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Getting a glimpse into the lives of astronauts in space has been de rigueur since the days of the Apollo program, but actually interacting with those busy space-dwellers? That’s a much more modern trend, and one that NASA seems eager to continue.
To that end, NASA recently announced that U.S. astronauts Kevin Ford and Tom Marshburn and Chris Hadfield of the Canadian Space Agency would be fielding questions in what the organization is billing as the first Google+ hangout from the International Space Station at 11AM Eastern on February 22.
It wouldn’t be the first time some of these guys have engaged with the earthbound masses — Hadfield in particular is no stranger to this sort of thing since he hosted an AMA (ask me anything) on Reddit back in December just a few days before he strapped into a Soyuz and blasted off from Kazakhstan’s Baikonur Cosmodrome. Since then he’s also engaged in a bit of back and forth with wannabe spacefarer William Shatner on Twitter, a conversation that eventually drew in other Star Trek alumni and none other than Buzz Aldrin, the second man to walk on the surface of the moon.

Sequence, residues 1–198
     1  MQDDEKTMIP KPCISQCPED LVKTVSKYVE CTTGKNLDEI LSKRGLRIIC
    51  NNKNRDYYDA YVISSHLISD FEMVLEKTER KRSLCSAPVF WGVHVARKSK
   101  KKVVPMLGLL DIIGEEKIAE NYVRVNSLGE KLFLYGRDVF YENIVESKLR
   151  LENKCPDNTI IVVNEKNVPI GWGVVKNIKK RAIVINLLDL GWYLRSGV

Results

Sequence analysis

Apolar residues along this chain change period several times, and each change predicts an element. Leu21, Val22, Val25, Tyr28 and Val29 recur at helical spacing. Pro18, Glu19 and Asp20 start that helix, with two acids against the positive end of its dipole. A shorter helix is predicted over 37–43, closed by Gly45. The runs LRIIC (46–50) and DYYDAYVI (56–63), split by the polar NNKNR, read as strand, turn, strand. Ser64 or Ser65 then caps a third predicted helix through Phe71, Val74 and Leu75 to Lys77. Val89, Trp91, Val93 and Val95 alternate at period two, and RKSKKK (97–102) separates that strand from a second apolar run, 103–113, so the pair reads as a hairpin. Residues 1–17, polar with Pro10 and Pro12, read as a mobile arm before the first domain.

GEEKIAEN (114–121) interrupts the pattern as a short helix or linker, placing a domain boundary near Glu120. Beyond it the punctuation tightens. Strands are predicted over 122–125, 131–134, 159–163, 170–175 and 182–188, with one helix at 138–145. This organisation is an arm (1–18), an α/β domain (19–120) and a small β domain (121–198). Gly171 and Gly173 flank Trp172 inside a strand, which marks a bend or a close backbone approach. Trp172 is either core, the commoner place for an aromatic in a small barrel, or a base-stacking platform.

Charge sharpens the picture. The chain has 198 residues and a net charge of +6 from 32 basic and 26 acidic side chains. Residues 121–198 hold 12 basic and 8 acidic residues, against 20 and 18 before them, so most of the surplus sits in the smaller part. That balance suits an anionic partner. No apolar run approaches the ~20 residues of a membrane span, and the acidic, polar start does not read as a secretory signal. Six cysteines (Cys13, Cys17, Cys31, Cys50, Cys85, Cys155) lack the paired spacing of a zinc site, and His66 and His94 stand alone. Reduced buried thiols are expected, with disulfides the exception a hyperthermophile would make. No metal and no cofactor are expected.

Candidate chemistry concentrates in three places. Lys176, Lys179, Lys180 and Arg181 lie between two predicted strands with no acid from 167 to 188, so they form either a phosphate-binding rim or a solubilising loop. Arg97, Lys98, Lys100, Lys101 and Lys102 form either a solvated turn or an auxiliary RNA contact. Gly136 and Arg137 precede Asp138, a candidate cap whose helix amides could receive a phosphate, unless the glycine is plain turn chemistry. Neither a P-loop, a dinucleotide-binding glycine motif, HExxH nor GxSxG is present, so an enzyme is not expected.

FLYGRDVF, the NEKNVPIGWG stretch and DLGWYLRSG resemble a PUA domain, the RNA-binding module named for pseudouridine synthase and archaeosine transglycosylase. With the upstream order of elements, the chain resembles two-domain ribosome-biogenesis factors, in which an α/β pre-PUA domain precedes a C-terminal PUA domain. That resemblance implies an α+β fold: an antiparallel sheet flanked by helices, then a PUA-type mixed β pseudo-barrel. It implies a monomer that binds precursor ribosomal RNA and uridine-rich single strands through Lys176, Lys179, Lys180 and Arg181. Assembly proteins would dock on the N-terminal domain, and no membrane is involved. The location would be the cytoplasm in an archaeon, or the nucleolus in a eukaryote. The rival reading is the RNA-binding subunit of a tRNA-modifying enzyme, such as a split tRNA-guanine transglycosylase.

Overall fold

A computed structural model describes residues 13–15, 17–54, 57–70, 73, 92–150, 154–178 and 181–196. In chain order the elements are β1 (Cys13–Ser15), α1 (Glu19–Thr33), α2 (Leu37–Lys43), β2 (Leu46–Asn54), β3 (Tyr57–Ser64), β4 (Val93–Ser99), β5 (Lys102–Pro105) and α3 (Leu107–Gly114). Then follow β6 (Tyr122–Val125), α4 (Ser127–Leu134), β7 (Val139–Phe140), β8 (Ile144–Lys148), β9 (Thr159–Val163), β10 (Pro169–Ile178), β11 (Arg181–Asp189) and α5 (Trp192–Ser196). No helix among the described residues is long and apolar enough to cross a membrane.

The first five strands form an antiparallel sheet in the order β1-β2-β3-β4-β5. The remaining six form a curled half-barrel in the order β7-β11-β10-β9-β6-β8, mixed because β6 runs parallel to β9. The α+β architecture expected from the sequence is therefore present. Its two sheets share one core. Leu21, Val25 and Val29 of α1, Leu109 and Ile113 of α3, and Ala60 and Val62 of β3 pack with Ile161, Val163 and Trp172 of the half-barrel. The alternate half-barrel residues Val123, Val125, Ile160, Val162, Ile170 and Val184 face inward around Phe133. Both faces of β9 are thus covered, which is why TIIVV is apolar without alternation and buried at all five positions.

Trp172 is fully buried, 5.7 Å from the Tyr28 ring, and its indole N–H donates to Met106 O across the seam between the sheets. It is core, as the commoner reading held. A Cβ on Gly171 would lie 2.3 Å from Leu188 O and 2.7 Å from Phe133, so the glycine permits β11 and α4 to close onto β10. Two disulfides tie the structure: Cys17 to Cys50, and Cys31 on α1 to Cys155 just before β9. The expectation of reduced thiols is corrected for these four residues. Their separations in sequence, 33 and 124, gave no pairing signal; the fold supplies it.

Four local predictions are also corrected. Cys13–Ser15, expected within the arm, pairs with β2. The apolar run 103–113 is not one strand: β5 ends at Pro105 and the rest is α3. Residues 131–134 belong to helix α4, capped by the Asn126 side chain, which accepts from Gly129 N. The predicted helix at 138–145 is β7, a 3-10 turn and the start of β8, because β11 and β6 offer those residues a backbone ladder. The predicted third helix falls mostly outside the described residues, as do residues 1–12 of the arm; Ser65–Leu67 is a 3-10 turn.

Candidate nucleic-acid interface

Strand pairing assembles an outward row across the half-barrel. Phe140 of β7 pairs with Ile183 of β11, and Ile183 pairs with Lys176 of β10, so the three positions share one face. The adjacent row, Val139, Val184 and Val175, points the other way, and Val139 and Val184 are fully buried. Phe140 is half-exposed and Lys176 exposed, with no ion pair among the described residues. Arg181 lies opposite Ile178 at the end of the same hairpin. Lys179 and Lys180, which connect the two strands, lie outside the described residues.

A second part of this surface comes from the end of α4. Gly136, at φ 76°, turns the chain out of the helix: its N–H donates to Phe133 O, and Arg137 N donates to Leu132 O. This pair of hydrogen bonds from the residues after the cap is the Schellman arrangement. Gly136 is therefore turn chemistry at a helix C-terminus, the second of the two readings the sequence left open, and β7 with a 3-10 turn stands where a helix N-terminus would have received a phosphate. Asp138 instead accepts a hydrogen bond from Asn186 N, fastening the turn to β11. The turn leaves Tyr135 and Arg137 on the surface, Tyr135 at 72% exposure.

Agencies like NASA have been working to expand their influence in social channels for years now, and thankfully so far things seem to be going well — NASA is coming up on the four-year anniversary of its first NASA Tweetup event, and expanded its presence on Facebook and Google+ in 2012. As one of the resident space nerds here, I’m convinced that the traditional means of space travel and exploration are in dire need of disruption, and by socially engaging with space enthusiasts young and old, NASA may be helping to inspire a new generation of skyward thinkers.
Curious about the ins and outs of months spent in microgravity? I can’t blame you given that space travel (or even just hanging out in low earth orbit) isn’t the sort of thing most of us are going to experience anytime soon, but do try to avoid some of these cliches should you decide to ask a question. Speaking of which, you have until February 12 to submit your queries in the form of a 30-second YouTube video (don’t forget the hashtag #askAstro), and tweets and Google+ posts tagged with #askAstro will be considered as well.